PTS3 + Openbenchmarking.org give you all the tools that you need to show clear differences between the older and new versions.

    I'd also expect that Michael would accept a patch if one was created.

    Matthew

  6. #6
    Join Date
    Jan 2010
    Location
    Portugal
    Posts
    944

    Default

    How the hell can the i7-970 beat the 990X in C-Ray when all the other tests are the other way around (as would be expected)?? There has to be a problem in that test.

  7. #7
    Join Date
    May 2007
    Location
    Third Rock from the Sun
    Posts
    6,582

    Default

    Quote Originally Posted by mtippett View Post
    It all depends on what you are comparing - or the variant part of the configuration under test. For these tests, Michael is comparing hardware against a set of pre-existing tests. The x264 test for the most part doesn't really matter too much, it's about how the hardware performs against other systems with the same test.
    I have to respectfully disagree Matthew. The test should have been ran with an updated version to show the gains to be had when optimized for the tested hardware. It is the only true indicator of real performance as it takes advantage of the hardware capabilities. This is also why PTS recompiles the source upon detecting of another system. Tom's hardware did this same type of test where they compiled it on one machine and then swapped the drive from machine to machine without any recompiling. The results were a complete sham and easily spotted when they had Core II's pounding Phenoms in openSSL for example where if it was simply recompiled it would have shown a much different result. Hate to bring a vehicle comparison in here but you wouldn't do a head to head between a Ferrari and a Cavalier using 87 octane gas and say "this is the real performance of the Ferrari".

    It is when you bench distro vs distro then keeping the same version is important but even then since almost everyone uses the prepackaged libraries that is what should be tested in a distro vs distro comparison. Not compiled from source.

    Of course, the "antiquated version" of x264 will be similar to the one that is in most of the active distributions, so of course the relative x264 performance that Michael has reported on is realistic.
    I have to disagree here as well since most distros use a very up to date version of x264 and is a very common update on all distro. In openSUSE for example there is usually a new svn snapshot that is used every month on Packman.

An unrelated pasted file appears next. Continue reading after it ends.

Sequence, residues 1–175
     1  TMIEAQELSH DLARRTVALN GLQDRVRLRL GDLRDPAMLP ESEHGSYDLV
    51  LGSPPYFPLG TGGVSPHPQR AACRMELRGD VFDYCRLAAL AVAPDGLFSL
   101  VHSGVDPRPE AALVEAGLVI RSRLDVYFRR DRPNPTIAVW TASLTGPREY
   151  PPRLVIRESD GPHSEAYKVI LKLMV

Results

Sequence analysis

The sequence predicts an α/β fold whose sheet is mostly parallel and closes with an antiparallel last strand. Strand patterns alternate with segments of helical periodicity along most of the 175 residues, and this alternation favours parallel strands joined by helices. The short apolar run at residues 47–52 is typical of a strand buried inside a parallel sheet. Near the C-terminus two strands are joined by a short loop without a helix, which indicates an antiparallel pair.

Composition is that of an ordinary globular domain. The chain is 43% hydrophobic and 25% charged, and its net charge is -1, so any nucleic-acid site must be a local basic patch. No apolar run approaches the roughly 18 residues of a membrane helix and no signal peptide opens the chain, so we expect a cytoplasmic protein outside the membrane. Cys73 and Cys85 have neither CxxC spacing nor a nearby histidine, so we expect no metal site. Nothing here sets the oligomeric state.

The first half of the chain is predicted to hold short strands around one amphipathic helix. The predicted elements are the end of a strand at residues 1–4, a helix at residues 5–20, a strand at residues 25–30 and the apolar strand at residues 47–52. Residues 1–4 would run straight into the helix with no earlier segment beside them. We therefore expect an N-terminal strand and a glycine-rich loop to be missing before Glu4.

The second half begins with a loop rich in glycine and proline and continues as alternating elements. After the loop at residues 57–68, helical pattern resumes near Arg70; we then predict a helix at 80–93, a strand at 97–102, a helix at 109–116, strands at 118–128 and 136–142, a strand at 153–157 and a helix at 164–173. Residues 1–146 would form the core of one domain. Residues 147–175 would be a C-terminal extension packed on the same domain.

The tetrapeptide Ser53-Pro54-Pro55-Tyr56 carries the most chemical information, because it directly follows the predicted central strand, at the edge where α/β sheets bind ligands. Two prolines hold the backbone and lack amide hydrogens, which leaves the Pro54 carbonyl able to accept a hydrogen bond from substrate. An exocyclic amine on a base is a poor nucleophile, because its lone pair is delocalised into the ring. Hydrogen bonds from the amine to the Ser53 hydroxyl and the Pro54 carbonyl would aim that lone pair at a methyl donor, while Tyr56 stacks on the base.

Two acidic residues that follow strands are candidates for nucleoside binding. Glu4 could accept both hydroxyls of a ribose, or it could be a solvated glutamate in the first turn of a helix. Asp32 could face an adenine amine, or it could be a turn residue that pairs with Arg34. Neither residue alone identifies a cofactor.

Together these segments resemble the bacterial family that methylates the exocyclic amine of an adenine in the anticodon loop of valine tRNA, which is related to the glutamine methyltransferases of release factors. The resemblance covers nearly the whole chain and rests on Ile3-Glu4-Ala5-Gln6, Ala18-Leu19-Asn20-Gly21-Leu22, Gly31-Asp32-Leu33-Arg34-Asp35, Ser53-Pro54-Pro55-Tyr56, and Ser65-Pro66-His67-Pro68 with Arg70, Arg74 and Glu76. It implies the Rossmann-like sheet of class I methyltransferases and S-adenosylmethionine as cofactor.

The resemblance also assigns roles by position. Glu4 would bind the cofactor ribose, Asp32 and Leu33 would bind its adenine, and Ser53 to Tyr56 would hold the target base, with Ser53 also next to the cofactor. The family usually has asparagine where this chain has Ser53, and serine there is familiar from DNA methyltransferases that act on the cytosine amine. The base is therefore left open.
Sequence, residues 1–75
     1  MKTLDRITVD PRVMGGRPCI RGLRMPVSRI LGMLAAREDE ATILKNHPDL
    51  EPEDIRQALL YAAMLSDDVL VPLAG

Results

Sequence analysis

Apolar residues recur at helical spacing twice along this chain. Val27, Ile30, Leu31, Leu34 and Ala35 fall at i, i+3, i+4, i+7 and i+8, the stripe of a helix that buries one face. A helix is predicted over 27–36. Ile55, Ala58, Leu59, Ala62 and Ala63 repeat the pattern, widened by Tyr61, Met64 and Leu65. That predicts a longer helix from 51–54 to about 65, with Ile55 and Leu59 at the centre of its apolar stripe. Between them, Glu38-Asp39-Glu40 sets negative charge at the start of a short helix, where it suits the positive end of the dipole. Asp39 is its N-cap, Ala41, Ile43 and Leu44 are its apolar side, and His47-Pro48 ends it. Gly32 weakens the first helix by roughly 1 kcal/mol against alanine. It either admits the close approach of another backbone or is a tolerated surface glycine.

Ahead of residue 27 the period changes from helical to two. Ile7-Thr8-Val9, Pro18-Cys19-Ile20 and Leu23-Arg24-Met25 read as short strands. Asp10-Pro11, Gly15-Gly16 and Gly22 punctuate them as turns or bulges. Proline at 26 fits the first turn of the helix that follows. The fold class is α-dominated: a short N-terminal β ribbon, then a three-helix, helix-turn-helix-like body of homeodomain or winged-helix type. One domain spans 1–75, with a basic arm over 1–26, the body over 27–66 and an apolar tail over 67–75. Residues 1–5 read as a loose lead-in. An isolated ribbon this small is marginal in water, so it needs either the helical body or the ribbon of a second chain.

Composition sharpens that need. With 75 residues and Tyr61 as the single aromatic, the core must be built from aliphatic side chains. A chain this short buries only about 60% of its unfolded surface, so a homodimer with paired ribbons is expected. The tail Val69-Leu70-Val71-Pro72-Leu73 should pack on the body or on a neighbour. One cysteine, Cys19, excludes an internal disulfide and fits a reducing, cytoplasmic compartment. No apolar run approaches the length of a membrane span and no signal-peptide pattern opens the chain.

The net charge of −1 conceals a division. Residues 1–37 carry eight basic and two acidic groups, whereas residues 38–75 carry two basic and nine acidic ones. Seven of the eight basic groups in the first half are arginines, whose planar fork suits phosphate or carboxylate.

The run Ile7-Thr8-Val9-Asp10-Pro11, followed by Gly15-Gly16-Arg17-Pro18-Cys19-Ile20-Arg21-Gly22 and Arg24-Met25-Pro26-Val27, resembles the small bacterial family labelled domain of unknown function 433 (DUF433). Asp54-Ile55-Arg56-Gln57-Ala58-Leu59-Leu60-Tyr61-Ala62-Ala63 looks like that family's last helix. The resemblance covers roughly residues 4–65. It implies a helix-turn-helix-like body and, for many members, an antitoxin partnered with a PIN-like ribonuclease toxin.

Last edited by deanjo; 04-06-2011 at 11:25 PM.

  8. #8
    Join Date
    May 2007
    Location
    Third Rock from the Sun
    Posts
    6,582

    Default

    This is how the tests should be done depending on what you are benchmarking.

    Distro vs Distro -----> each distro prepackaged packages only

    Hardware vs Hardware ----> Same distro, latest optimized code of library.

    Package optimization ----> Pre-packaged vs self compiled again with latest version of the library (Multiple systems would be preferable here as well as they may have different optimizations based on things like CPU)

  9. #9
    Join Date
    Nov 2009
    Posts
    379

    Default Mobile processors and AMD...

    I have a laptop with i7-2820QM, that's probably the equivalent to 980 as mobile version. It feels much slower than my desktop running the AMD Phenom II 965 X4 B.E.

    The laptop has 16GB RAM 1333MHz that's double than the desktop (and the crappy Asus Formula III detects of my 1600MHz only 1066 anyway).
    The SSD in the laptop is the Intel X25-M 120GB rather than the slower Imation M-Class 64GB in the desktop.
    The graphics card is Nvidia 460M in the laptop rather than the ATI HD4770 in the desktop (I already hate the nvidia binary driver).

    So the question is, why are mobile processors sooo much slower than desktop processors? The laptop has 2.3GHz to 3.4GHz with Turbo. My desktop has just 3.4GHz for each core.

    Anyway, everybody and every single benchmark promised me the Intel core would outperform my ~3 year old AMD processor in everything -.-

Posting Permissions

  • You may not post new threads
  • You may not post replies
  • You may not post attachments
  • You may not edit your posts
  •